The front door of Madame Shanghai might as well be a time machine as we stepped through it into an opulent dining room decorated with Chinoiserie wallpaper, Chinese motifs and malachite fixtures reminiscent of 1930’s Shanghai.
Judging by its elegant interiors and carefully selected tableware, we were fairly certain this wasn’t going to be an ordinary Chinese dining experience. Indeed, the staff were more than helpful in making recommendations and topping up the water glasses throughout the night.
It isn’t often that we come across such a wide selection of beverages in a Chinese establishment either. The wining and dining started and continued on a French note with Paul Jaboulet ‘Parallele 45’ from the Rhône Valley ($13/glass).
First impressions were positive but how about the food? Did it live up to the mounting expectations? The menu at Madame Shanghai has evolved over time from street style charcoal grill to contemporary Chinese with a distinct Shanghai influence under the reign of executive chef Chris Yan. Sweet soy sauce seasoning is the trademark of Shanghainese cooking and can be found in a number of dishes. Flavours from other parts of Asia such as sriracha, wasabi and tamarind are also well represented on the menu, blending in seamlessly with Shanghai style dishes. Madame Shanghai is where tradition meets innovation.
Few things can match Shanghainese people’s love for dumplings and there are plenty to choose from here in Madame Shanghai. The likes of BBQ Pork Bun and Chicken Siu Mai are familiar from Sunday morning yum cha, but Fried Pork Wontons ($12) are less well-known outside of Shanghai. In a similar shape to tortellini, wonton have been a staple for hundreds of years in Shanghai. The dumpling is usually boiled and served in a clear broth with salt and sesame oil. The leftovers are fried the following day and served with Shanghai Worcestershire Sauce. It is quite something to be able to sample the dish at Madame Shanghai and eat like a native Shanghainese.
Equally authentic is the Steamed Silken Egg ($19) with lap cheong (Chinese sausage). In the 70s and 80s when baby formula was rare in the communist country, many Shanghainese families used steamed egg to bring some protein to their babies’ diet; it was also enjoyed as a “soup” at the dinner table. The eggs are lightly beaten, mixed with water and then steamed for a few minutes. The texture is uncannily like custard and extremely silky and smooth. The lap cheong jazzes up things a little and the XO sauce brings out all the flavours.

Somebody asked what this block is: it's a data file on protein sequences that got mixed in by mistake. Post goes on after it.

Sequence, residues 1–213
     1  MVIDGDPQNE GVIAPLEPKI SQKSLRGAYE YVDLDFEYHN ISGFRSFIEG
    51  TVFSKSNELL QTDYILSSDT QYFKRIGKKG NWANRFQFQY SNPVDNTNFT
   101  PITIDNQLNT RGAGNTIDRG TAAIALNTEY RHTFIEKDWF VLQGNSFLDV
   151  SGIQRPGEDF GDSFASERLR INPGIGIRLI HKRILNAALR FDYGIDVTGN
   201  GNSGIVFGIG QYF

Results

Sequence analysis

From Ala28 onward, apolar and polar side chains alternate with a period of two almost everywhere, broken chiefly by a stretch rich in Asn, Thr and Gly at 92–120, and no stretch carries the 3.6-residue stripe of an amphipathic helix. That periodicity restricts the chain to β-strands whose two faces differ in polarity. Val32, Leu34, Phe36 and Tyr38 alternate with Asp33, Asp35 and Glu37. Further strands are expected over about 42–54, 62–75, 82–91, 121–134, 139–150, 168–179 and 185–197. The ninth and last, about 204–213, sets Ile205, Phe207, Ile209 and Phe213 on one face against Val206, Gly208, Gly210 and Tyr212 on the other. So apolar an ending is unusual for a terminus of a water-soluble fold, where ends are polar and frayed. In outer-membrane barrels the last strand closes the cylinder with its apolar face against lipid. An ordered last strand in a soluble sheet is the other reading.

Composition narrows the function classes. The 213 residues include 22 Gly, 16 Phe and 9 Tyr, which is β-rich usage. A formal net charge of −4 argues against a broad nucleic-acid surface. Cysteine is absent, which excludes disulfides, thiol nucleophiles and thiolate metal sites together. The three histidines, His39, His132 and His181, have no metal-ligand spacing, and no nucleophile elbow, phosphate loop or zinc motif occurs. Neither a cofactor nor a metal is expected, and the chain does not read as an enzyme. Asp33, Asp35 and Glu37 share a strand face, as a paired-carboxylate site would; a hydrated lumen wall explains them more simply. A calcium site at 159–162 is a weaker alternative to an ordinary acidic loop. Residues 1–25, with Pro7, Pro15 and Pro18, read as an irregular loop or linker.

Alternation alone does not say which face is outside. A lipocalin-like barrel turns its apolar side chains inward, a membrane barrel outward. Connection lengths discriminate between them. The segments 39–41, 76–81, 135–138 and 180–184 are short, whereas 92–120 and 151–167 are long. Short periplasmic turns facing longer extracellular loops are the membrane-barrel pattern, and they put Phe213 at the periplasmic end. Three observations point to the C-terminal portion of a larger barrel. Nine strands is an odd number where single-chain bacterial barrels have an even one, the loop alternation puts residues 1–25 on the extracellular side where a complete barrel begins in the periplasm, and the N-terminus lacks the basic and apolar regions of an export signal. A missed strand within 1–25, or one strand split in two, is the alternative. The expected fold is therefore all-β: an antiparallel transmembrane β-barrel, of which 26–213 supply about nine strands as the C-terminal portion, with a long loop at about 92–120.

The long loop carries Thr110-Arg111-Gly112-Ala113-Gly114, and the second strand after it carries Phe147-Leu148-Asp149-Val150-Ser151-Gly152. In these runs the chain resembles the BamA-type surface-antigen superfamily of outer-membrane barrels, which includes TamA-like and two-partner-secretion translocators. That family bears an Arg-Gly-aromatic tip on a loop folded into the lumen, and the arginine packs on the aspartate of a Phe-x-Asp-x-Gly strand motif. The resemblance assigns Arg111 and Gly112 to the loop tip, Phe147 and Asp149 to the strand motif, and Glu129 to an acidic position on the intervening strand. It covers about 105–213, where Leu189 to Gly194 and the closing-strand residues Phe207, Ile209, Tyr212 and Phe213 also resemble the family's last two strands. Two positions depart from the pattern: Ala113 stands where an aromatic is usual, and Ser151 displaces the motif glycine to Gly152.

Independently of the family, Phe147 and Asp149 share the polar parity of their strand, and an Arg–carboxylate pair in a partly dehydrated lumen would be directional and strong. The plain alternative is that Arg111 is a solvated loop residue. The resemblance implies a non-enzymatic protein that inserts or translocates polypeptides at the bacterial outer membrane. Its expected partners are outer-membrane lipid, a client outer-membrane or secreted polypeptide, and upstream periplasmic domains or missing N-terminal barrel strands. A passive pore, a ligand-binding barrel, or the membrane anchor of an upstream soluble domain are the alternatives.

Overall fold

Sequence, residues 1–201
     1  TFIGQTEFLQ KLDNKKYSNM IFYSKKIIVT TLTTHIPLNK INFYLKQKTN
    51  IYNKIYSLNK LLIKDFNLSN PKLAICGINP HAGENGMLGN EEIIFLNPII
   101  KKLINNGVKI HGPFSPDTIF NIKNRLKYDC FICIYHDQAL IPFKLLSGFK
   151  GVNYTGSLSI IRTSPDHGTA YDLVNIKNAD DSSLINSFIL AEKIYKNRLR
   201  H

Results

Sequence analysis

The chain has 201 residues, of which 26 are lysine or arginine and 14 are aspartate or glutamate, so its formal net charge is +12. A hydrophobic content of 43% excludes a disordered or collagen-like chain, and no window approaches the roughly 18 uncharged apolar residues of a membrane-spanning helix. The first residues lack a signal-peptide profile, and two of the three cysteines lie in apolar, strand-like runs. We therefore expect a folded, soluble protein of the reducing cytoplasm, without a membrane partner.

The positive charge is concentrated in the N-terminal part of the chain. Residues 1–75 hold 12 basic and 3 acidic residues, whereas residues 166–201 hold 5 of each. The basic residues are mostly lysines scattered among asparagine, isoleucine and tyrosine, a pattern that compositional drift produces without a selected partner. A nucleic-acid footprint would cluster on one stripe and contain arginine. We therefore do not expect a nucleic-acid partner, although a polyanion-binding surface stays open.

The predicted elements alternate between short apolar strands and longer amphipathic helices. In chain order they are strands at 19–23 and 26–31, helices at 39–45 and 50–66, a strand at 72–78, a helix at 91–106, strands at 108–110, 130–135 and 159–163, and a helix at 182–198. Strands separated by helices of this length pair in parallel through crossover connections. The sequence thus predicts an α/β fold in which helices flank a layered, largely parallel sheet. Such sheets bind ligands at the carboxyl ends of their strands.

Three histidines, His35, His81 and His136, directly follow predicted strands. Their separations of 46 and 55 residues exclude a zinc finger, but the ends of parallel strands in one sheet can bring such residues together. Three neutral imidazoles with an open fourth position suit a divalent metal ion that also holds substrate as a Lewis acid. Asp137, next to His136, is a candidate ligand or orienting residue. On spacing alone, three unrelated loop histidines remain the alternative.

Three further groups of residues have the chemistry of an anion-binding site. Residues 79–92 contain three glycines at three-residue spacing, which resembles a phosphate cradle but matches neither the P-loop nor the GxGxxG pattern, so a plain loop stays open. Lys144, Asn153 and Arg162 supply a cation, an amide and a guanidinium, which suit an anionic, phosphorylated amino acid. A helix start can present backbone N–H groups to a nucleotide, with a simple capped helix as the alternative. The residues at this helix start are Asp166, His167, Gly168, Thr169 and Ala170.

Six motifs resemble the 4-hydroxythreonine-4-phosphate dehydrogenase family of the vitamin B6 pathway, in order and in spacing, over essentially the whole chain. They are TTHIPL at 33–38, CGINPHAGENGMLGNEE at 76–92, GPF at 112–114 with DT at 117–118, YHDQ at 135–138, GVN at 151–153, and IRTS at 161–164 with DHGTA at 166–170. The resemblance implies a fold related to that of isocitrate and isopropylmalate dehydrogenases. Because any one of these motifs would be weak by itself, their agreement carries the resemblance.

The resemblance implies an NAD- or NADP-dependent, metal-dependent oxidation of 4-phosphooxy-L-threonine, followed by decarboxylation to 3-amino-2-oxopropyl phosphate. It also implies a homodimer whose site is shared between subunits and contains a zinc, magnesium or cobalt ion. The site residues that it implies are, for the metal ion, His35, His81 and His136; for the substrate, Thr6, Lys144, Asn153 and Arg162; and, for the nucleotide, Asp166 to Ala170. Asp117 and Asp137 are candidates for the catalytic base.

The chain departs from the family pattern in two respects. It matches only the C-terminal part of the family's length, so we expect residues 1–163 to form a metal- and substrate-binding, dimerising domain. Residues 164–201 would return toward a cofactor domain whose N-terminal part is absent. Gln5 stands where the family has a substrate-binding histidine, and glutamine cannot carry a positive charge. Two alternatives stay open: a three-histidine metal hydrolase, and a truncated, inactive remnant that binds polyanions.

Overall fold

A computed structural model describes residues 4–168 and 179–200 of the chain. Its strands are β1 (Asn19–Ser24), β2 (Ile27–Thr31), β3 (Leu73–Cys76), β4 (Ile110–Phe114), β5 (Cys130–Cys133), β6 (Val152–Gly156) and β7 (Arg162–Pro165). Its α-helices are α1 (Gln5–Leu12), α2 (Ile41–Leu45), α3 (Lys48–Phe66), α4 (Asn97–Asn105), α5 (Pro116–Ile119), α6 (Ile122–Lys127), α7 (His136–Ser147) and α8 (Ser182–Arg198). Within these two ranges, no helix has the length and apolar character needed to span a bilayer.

The aroma from the open plan kitchen in Madame Shanghai creates constant stimulation on the nose, especially when the food is cooked on the barbeque. Grilled Beef Short Ribs ($32) are served with shredded salad, chilli and fresh coriander. The meat has already come off the bone and soaks up the sweet and soy dressing. It works beautifully with the rounded tannins in the French red.
Braised pork belly cooked in dark soy sauce and sugar is probably the most iconic Shanghainese dish but to balance out other meat entrees and main, we decided on Sizzling Prawns ($39). Once the theatrical sizzling action calmed down, we found six enormous de-veined prawns on a bed of green beans and red chillies. The depth of flavour in the seafood was remarkable and we even demolished all the vegetables and garnish. It was tempting to find out the secret sauce in the prawn, but we decided to leave the cooking to the professionals.
It didn’t take much to twist our arm to try the dessert. The Gold Peanut ($18) was covered in gold dust and arranged in a shape of peanut shell. Inside gooey apricot caramel was mixed with light peanut butter mousse, neither of which was overly sweet. Needless to say, we didn’t leave any crumbs behind.
So who is Madame Shanghai? In our opinion, she is nostalgic and innovative; she embodies all the glorious past and glamorous present of a city once dubbed as the Paris of the East. She is traditional but also modernised, she is humble but also sumptuous, she is the one and only Madame Shanghai.
18 College Street, Darlinghurst, Sydney NSW
Phone: (02) 8318 8618